As manufacturing continues to gain steam across North America, M&A activity in the aviation industry space is expected to remain strong as larger companies look to gain capabilities and accelerate growth. In addition, mega deals in the cyber security space remain a topic of conversation as the aforementioned Raytheon acquisition of Websense and Bain Capital’s acquisition of Blue Coat Systems foretell the importance of staving off cybercrime.
According to data from rom the Interindustry Economic Research Fund (IERF), revenue for US aerospace manufacturing is forecast to grow at an annual compounded rate of 5 percent between 2015 and 2019.
Aerospace has been a major factor behind increased manufacturing activity in the United States. The global aerospace industry is increasingly opting to situate manufacturing operations in the US instead of low-cost rivals such as China and Mexico, according to new data from ICF International reported by Reuters. Between 2000 and 2012, aerospace manufacturing investments were strongest in China, Mexico, India, and Brazil. Since 2012, more investment has been returning to the US amid rising wages in the developing world. Robotic automation has helped manufacturers in developed countries become more competitive with low-cost producers. Boeing has moved more production in-house as it has reduced outsourcing of work on its 787 Dreamliner. Airbus’s decision to build a plant in Mobile, Alabama, is also attracting aerospace supplier investment to the region.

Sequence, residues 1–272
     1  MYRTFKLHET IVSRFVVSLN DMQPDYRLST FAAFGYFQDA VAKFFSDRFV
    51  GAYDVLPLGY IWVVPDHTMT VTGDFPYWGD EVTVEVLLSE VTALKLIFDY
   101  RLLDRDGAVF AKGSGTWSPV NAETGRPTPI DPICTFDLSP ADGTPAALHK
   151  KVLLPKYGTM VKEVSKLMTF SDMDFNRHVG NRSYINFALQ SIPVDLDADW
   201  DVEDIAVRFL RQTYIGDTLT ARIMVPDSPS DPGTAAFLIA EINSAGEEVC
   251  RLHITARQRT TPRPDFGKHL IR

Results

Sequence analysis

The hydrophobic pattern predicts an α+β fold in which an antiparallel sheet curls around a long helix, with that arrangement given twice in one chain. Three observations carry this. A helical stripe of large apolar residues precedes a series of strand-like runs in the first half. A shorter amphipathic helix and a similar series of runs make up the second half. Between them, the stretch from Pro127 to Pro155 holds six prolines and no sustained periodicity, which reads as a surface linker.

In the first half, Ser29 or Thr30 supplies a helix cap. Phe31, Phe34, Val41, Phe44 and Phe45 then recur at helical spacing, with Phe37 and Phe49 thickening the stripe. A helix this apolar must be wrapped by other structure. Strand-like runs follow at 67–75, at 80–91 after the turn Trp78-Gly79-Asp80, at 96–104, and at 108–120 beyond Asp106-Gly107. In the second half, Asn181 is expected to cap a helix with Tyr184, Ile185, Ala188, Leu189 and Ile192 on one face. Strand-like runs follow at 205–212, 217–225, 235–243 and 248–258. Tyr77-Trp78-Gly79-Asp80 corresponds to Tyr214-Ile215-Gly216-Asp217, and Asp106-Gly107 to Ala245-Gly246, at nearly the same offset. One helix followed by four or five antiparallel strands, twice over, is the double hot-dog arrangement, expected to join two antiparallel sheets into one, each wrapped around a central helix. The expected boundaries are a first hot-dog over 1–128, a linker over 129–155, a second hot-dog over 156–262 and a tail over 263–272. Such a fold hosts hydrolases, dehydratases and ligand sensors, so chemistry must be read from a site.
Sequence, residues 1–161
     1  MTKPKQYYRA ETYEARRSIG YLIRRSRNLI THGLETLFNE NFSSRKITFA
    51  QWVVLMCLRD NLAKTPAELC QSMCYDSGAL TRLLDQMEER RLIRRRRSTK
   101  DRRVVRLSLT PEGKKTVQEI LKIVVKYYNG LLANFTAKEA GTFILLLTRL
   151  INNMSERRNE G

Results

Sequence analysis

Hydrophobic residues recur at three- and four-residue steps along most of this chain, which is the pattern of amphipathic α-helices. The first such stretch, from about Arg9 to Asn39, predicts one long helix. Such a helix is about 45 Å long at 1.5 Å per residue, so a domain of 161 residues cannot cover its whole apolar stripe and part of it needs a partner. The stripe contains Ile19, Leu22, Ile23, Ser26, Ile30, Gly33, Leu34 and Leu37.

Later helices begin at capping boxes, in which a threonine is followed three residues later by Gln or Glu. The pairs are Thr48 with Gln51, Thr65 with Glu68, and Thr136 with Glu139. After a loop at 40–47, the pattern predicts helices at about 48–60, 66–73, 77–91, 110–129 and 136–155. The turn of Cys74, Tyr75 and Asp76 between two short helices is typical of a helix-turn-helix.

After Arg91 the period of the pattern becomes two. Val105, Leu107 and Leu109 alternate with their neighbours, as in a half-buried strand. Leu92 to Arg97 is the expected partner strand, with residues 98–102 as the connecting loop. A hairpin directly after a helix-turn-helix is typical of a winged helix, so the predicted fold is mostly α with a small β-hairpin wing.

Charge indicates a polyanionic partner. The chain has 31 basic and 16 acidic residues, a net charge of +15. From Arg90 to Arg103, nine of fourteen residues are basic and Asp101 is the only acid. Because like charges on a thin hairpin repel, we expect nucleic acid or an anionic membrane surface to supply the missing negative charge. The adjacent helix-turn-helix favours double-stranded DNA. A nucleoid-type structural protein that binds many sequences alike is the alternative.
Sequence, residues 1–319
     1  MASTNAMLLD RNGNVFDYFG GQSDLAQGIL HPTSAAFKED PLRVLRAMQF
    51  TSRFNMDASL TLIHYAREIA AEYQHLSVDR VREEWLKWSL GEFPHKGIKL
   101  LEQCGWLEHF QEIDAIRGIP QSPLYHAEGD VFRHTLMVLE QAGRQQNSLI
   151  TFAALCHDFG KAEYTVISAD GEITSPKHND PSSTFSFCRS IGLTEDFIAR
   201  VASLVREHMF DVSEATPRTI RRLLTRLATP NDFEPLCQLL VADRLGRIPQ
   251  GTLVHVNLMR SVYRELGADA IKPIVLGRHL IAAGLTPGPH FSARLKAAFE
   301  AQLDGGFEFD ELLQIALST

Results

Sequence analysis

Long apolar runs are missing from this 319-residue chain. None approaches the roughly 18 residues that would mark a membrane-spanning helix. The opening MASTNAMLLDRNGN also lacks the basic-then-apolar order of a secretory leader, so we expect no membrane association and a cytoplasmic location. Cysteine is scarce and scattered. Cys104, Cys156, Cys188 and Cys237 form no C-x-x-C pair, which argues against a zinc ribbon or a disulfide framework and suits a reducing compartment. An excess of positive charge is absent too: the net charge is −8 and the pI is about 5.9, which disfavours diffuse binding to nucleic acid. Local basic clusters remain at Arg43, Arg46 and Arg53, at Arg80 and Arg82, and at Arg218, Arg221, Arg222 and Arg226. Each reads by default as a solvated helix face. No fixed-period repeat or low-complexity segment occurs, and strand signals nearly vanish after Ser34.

Aircraft makers based in China and Japan are taking on longtime incumbents Embraer and Bombardier in the regional jet market. Mitsubishi Aircraft expects to begin test flights of a 76 to 88-seat regional jet in the second quarter of 2015, with deliveries beginning in 2017. The company has set the goal of attaining 50 percent of the global market for regional jets over the next 20 years, according to The Wall Street Journal.
Posted by Joe Contaldo.